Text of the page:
Apocalypse Now (1979) Screenplay Analysis

Apocalypse Now (1979), written by John Milius and Francis Ford Coppola is one odd script. It’s strange, intense, and dives headfirst into the worst parts of humanity. Let’s analyze the screenplay.

*I didn’t finish my analysis here, and seeing as it’s been a month since I read the screenplay I’ll leave the parts I didn’t fill in blank.

Script Formatting Notes

  • Draft Read: December 3, 1975
  • Type: Shooting
  • Page Count: 138
  • Reading Speed: Medium
  • Setting(s): Vietnam, Cambodia
  • Plot Structure: Nonlinear, Spanning multiple years
  • Genre(s): War, Action/Adventure
  • Theme(s): War, Mental Illness, Violence, Anti-colonialism
  • Protagonist Change: Significant

Overall Thoughts

Apocalypse Now is loosely based on the 1899 novella Heart of Darkness by Joseph Conrad. The plot, therefore, is actually pretty straightforward: A crew on a mission travels upriver in a jungle and encounters one odd phenomena after enough. Apocalypse Now takes that concept and places it during the Vietnam War.

The script is plainly weird for a few reasons. The first is that many of the sequences are far out: For example, any scene with surfing-addicted William “Bill” Kilgore, the French Plantation deep in the jungle and of course, Kurtz’s encampment.

All of the character arcs go from sanity to craziness, which only adds to the odd nature of the script.

Script Strengths

The strongest aspect of Apocalypse Now is the story itself: A man on a mission sees the horrors of the Vietnam War. It has elements of Action and Adventure, as well as a deep physiological analysis of not only the leading characters, but also the Vietnam War itself.

It’s also an ambitious screenplay because it relies on portraying madness in a serious (no comedy here) way. This leads to increasingly intense and outlandish sequences.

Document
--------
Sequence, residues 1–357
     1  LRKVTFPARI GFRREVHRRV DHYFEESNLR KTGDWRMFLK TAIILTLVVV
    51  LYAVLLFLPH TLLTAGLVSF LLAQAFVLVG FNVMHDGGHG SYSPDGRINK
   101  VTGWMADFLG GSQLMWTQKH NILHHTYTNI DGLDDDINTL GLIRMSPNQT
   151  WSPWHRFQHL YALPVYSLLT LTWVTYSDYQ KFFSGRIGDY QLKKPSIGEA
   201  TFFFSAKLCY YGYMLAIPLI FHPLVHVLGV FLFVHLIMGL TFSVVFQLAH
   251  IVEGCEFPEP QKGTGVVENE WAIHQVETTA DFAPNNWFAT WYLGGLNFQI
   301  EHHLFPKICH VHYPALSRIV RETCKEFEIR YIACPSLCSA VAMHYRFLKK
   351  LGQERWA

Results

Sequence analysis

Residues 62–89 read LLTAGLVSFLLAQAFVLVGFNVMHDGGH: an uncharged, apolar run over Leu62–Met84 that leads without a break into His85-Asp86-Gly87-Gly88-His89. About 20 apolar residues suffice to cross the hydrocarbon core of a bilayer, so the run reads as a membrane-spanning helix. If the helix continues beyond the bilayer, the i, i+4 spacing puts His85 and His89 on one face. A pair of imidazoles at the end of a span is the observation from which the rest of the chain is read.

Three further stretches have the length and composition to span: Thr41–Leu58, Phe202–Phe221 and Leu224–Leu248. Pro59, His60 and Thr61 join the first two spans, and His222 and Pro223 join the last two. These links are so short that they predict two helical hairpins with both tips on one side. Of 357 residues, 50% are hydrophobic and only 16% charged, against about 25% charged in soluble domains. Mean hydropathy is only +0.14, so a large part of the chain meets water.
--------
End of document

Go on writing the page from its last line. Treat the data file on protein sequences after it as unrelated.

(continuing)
The action lines, while bloated, at times show moments of brilliance (Page 102):

Each man in his heart feels a need to stay — his soul cried to stop — stop their madness — this spiral into hell.

Script Neutrals

It’s hard to gauge the use of the voiceover. But to have the voiceover come from a mostly sane Willard does detract from the intensity of some scenes by taking us out of them.

The language has aged poorly. Here’s an action line (Page 23):

All have one thing in common, to see and if possible grab an American girl. Their need far surpasses that of the run-of-the-mill rapist, pervert or child molester.

Script Weaknesses

None to note.


It’s a great adventure plot. One thing to note is that while the final sequence at Kurtz’s base is the most intense, the rest of the stops on the river vary in their intensity (in other words, they don’t all build up). For example, Kilgore’s raid is probably the most intense, while the bridge scene is not. However, while some earlier scenes have more going on visually, the psychological change becomes progressively more intense as the script progresses.

That’s the variable that we mostly closely follow here. It’s almost as if the fighting is just there to keep us entertained while the real dramatic argument is expressed more subtly.


Great characters all around. I won’t dedicate any writing as there are so many character analyses of this film.

Dialogue & Pacing


Emotional Impact

It’s a pretty impactful script, probably more psychologically chilling than any other war movie, even Saving Private Ryan (1998). The anti-war and anti-colonialism themes are strong, dark and vivid. It’s hard not to see that resonating with viewers (which they of course did).

Best Part of The Script